Farm Stories Come to Life

Posted: July 1, 2021 at 2:28 pm

Carla Crane Osborne’s picture book captures magical moments on a farm

By Dianna Troyer

Instead of a dreaded chore, feeding livestock on winter evenings enchanted Carla Crane Osborne during childhood on her family’s farm in southeastern Idaho.

Carla Crane Osborne's book, "Under the Barnyard Light," was released in November after a decade of work. It is the first of a series. Photo courtesy of Carla Crane Osborne
Carla Crane Osborne’s book, “Under the Barnyard Light,” was released in November after a decade of work. It is the first of a series. Photo courtesy of Carla Crane Osborne

“It was a magical time for me-a routine I still love to tell our grandchildren about,” Carla says. “The color of the sky was unforgettable-a deep blue. There was a peaceful stillness. I can still hear nickering horses and bawling calves greeting me, waiting for their hay, then quietly munching it. When I was done, I’d catch snowflakes on my tongue and kiss our horse, Dandy, goodnight.”

Carla helped her father care for the animals beneath a mercury light that cast a soft glow over the barnyard.

“The warmth of the light represented love and security to me,” she says.

Wanting to share those memories, Carla teamed up with a nationally acclaimed illustrator and wrote and published a 26-page children’s picture book, “Under the Barnyard Light.”

“I wanted to bring to life a snapshot of the past, so children today can experience a sliver of the magic I knew growing up on a farm with all its wonders—especially the sky,” she says. “I was
thrilled to find an illustrator who painted the color of the evening sky perfectly.”

Carla’s parents, Calvin Crane and Raeola Drake, raised crops and livestock with the help of their five children in the Unity area east of Burley.

“The barn and other buildings I grew up with are still standing,” Carla says. “I’m proud my brother, Dennis, is the fifth generation to run the farm and is carrying on our family’s heritage.”

Carla says she and her husband, Ron, who grew up in nearby Heyburn, will always have a sentimental connection to southeastern Idaho. They live in Meridian in western Idaho, where they run their family businesses dealing with real estate, storage units and insurance.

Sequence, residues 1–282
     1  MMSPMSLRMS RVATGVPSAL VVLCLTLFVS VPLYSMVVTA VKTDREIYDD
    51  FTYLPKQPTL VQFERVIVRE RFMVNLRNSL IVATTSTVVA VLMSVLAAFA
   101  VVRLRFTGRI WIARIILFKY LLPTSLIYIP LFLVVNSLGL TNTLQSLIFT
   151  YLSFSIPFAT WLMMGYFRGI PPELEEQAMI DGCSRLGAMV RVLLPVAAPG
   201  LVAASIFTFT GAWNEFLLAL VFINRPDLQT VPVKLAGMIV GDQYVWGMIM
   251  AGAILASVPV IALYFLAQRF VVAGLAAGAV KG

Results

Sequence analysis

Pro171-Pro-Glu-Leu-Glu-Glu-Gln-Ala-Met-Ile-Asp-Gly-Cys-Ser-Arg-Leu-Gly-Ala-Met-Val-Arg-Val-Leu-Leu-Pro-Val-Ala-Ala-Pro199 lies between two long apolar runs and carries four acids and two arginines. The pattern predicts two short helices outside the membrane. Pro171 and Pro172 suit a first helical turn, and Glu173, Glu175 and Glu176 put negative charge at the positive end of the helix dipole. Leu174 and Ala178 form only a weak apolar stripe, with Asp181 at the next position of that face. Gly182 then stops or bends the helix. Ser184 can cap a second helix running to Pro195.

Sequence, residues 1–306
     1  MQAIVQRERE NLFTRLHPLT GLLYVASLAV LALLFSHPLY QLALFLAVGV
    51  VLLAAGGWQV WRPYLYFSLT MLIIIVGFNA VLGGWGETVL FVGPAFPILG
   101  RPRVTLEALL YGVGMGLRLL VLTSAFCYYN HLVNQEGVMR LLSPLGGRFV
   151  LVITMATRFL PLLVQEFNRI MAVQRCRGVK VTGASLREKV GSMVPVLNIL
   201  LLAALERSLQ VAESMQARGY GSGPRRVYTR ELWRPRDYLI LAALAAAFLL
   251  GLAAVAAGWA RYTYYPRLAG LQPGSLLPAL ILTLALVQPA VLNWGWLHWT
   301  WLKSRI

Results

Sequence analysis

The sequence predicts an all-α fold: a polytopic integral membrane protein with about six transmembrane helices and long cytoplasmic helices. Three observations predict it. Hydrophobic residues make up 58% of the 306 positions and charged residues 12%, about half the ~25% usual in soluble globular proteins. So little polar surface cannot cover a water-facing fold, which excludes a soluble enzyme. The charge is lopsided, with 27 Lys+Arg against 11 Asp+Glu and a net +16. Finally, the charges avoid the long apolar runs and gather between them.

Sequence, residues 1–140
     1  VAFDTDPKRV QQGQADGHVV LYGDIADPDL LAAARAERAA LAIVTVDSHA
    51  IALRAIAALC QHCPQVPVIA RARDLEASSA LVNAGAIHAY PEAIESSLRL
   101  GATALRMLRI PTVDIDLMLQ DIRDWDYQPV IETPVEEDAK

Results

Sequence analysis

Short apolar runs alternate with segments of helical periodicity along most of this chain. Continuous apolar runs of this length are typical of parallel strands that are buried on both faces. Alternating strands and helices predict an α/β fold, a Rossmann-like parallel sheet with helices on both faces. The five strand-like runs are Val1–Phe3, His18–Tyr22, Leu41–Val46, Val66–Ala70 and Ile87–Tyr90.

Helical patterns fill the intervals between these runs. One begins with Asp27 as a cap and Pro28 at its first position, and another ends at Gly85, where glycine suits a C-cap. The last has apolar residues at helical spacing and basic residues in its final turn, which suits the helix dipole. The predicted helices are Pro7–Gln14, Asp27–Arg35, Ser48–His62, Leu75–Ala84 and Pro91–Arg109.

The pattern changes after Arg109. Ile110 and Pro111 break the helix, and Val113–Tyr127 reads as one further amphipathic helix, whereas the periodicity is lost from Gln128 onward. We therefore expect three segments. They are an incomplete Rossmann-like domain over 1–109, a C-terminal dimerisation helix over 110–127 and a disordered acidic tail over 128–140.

The Osbornes own land near Albion, 14 miles east of Unity.

“We spend as much time as we can there, taking our family on outings,” Carla says.

She jokes that completing the book was more strenuous and time-consuming than any farm chore. She embarked on her literary odyssey—a labor of love—a decade ago.

Carla summoned her endless energy and lived up to her childhood nickname of Gona.

“My brothers called me that because they said I was always going somewhere on an adventure,” she says.

Carla says she channeled her Gona energy into writing the manuscript. Next, she searched the internet for the right illustrator.

“I looked for a year,” she says.

Carla finally found Brandon Dorman, who has illustrated two dozen picture books, including the covers of New York Times bestsellers “Fablehaven,” “Goosebumps” and “The Land of Stories.”

She contacted the agency that represents him and sent him a copy of her manuscript. She also told him she hoped her book would help children understand where their food comes from.

“Brandon told me he wanted to illustrate my book because he believed in its messages,” Carla says. “Some kids think food just appears on a grocery store shelf and have no idea it’s grown on a farm.”

She asked her nephew, Michael Crane, who grew up on the farm, to sketch the buildings.

Carla discusses sketches with her nephew, Michael Crane.
Carla discusses sketches with her nephew, Michael Crane.

“He’s a talented artist and provided Brandon with true-to-life sketches to follow,” she says. “Brandon was contracted to other writers, so he squeezed my book in between other projects.”

Carla waited about four years for him to complete the illustrations.

“It was worth the wait,” she says. “When I showed the illustrations to our grandchildren, they told me, ‘Hey, that looks like where you grew up.’”

Carla contacted Aloha Publishing in Eagle, Idaho, to print her book. The company usually publishes business and inspirational books.

“They told me that my manuscript’s message resonated with them, and for the first time they would publish a children’s book,” she says. “They said my writing made them feel like they were there in the barnyard with me pitching hay to horses and bottle feeding calves.”

Carla’s book is the first in a series, “Go Gona Go,” a nod to her nickname.

“I had so much fun with the first book, I decided to write two more,” she says.

“Pony Express” was released in April, followed by “Alex the Lamb.”

Along with her farm chores, another of Carla’s cherished childhood routines was going to local libraries with her mother and siblings.

“We spent many happy hours perusing the shelves for adventure books,” she says. “We’d come home with a stack of books.”

Wanting children to go on adventures by reading, Carla donated copies of her book to libraries in Rupert and Burley, and the elementary school in Malta.

“It’s exciting to read positive comments on the book’s Facebook page, on blogs and the Goodreads website,” Carla says. “I hope my books foster a love of reading and make children feel like they’re at a family farm going on their own adventures.”

Carla reads to children at Raft River Elementary School.
Carla reads to children at Raft River Elementary School.